Teaching and Learning in Higher Education: The Context of Being, Interculturality and New Knowledge Systems
Type: Book
ISBN: 978-1-80043-007-5

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Article
Publication date: 17 July 2018

Logamurthie Athiemoolam

The purpose of the paper is to provide a detailed account of pre-service teachers’ viewpoints on the use of tableaux as pedagogy to analyse short stories in secondary

Abstract

Purpose

The purpose of the paper is to provide a detailed account of pre-service teachers’ viewpoints on the use of tableaux as pedagogy to analyse short stories in secondary schools based on their exposure to the use of tableaux and their active participation in the process of tableau creation.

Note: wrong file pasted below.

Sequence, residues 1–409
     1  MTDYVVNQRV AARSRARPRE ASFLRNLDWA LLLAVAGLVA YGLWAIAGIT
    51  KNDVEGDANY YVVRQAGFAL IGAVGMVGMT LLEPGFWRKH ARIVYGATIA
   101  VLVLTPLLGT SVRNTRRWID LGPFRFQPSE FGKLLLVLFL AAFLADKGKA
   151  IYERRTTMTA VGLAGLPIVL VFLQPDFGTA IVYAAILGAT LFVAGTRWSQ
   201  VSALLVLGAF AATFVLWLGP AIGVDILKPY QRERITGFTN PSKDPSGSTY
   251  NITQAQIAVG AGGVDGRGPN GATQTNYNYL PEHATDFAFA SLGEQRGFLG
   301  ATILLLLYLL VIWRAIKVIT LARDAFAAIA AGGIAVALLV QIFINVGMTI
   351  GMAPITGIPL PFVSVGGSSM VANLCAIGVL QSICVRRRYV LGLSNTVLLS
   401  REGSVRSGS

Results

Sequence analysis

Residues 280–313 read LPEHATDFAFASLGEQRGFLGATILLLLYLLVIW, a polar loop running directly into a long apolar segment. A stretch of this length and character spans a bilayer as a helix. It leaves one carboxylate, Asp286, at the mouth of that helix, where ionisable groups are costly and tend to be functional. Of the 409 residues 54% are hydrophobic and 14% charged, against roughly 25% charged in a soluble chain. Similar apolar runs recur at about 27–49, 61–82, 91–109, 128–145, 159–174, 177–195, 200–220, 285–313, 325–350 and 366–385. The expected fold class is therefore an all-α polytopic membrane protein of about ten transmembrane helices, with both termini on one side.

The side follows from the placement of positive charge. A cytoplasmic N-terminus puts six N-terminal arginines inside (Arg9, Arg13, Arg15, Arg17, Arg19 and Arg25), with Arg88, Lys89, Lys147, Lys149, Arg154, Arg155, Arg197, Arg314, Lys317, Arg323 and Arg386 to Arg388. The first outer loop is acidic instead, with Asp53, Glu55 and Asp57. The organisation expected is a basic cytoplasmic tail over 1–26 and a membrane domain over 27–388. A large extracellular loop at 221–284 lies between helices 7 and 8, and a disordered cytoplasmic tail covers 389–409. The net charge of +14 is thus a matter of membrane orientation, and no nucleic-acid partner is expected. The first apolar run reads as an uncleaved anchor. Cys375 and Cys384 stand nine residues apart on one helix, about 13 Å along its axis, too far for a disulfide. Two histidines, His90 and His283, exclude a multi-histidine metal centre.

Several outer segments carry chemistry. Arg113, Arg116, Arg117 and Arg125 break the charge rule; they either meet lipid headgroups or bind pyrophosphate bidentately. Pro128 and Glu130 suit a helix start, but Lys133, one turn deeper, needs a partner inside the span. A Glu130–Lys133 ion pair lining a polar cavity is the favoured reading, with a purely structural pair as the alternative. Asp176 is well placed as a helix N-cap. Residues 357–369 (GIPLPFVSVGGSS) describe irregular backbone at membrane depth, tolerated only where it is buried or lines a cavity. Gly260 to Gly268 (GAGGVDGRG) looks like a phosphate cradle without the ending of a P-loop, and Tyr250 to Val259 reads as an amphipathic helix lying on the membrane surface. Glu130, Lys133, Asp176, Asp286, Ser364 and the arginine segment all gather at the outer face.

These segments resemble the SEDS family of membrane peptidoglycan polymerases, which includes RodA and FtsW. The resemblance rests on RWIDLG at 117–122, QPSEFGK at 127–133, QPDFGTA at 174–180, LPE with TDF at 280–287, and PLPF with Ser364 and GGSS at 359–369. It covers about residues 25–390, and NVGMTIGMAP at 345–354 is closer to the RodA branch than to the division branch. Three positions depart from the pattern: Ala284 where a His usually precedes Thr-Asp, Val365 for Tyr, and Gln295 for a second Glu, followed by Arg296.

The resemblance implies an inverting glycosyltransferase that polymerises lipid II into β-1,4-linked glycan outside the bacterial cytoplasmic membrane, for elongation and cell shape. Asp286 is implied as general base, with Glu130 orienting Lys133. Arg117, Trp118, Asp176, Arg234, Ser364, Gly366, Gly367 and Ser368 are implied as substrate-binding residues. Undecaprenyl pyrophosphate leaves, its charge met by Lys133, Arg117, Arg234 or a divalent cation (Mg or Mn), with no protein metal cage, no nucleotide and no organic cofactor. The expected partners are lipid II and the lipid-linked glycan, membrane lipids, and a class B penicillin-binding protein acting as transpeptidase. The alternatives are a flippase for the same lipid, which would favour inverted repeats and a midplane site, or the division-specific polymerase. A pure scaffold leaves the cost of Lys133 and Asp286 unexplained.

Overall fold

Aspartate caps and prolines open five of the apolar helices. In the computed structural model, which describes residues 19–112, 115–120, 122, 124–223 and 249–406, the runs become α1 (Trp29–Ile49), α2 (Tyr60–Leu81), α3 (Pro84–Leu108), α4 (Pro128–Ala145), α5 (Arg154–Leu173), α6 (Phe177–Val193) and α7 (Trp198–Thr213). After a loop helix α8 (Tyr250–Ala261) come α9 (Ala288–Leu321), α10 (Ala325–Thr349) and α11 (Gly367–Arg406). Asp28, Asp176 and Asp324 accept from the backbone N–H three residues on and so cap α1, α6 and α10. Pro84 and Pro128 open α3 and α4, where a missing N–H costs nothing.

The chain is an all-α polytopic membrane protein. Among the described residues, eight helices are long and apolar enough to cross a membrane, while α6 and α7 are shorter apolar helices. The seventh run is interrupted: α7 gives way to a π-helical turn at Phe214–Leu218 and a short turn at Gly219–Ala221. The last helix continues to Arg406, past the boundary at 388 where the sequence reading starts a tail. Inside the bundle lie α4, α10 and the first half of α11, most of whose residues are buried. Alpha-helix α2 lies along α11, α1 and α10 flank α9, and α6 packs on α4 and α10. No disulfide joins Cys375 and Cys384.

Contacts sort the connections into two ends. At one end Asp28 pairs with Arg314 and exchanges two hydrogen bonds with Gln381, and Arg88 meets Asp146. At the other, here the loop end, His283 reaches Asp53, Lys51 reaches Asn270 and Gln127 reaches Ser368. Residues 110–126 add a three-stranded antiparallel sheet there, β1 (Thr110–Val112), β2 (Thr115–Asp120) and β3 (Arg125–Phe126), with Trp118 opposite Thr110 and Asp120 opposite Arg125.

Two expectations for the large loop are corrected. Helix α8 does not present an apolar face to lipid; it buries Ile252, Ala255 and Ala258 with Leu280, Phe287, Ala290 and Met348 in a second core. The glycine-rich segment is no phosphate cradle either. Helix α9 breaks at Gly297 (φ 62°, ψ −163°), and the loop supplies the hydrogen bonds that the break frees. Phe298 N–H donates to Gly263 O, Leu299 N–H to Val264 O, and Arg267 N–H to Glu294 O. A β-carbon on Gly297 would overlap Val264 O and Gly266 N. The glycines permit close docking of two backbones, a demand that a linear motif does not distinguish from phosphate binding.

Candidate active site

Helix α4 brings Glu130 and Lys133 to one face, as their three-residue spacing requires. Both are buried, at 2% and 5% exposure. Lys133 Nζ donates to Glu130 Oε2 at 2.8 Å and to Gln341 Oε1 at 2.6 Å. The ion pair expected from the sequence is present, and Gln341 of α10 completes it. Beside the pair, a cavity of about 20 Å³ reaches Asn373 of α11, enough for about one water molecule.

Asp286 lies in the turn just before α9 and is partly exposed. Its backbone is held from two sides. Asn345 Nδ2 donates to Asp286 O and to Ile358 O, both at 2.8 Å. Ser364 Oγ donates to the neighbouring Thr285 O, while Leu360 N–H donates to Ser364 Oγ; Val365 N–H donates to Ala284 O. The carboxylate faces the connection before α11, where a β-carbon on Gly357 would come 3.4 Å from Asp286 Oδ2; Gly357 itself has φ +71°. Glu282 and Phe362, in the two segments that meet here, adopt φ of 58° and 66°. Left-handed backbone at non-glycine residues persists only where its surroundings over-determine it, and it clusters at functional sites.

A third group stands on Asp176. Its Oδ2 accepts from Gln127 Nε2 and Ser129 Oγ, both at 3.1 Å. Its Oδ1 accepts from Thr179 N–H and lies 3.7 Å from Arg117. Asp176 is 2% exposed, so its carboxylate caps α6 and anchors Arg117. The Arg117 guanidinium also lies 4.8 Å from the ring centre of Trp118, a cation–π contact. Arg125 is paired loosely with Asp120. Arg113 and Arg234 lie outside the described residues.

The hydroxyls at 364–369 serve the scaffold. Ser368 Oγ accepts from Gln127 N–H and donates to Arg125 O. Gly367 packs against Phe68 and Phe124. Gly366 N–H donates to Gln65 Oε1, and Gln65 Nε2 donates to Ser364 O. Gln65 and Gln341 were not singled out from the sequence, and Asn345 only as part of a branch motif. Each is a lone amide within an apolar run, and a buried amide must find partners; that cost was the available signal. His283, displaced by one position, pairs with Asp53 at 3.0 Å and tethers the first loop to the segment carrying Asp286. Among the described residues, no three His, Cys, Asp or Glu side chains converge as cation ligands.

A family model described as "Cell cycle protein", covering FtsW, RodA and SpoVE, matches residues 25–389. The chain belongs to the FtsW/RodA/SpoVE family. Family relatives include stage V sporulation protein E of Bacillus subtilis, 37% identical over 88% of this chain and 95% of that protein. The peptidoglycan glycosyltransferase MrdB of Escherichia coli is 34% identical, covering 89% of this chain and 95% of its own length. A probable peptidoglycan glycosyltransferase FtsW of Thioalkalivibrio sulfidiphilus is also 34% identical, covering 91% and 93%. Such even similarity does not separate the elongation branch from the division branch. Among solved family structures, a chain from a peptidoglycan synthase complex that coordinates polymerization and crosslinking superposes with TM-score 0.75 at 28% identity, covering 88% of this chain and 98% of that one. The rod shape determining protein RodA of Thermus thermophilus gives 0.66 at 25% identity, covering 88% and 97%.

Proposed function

Design/methodology/approach

The study adopted a qualitative approach and a phenomenological design as it provides a detailed account of PGCE English Methodology pre-service teachers’ views on the use of tableaux to teach a short story. The data collection method used was written narratives based on the participants’ detailed accounts of their learning during the process of tableau creation and their viewpoints on the use of such an approach in the teaching of literature within secondary school contexts. The “rich, thick data” extracted from the written narratives were analysed thematically.

Findings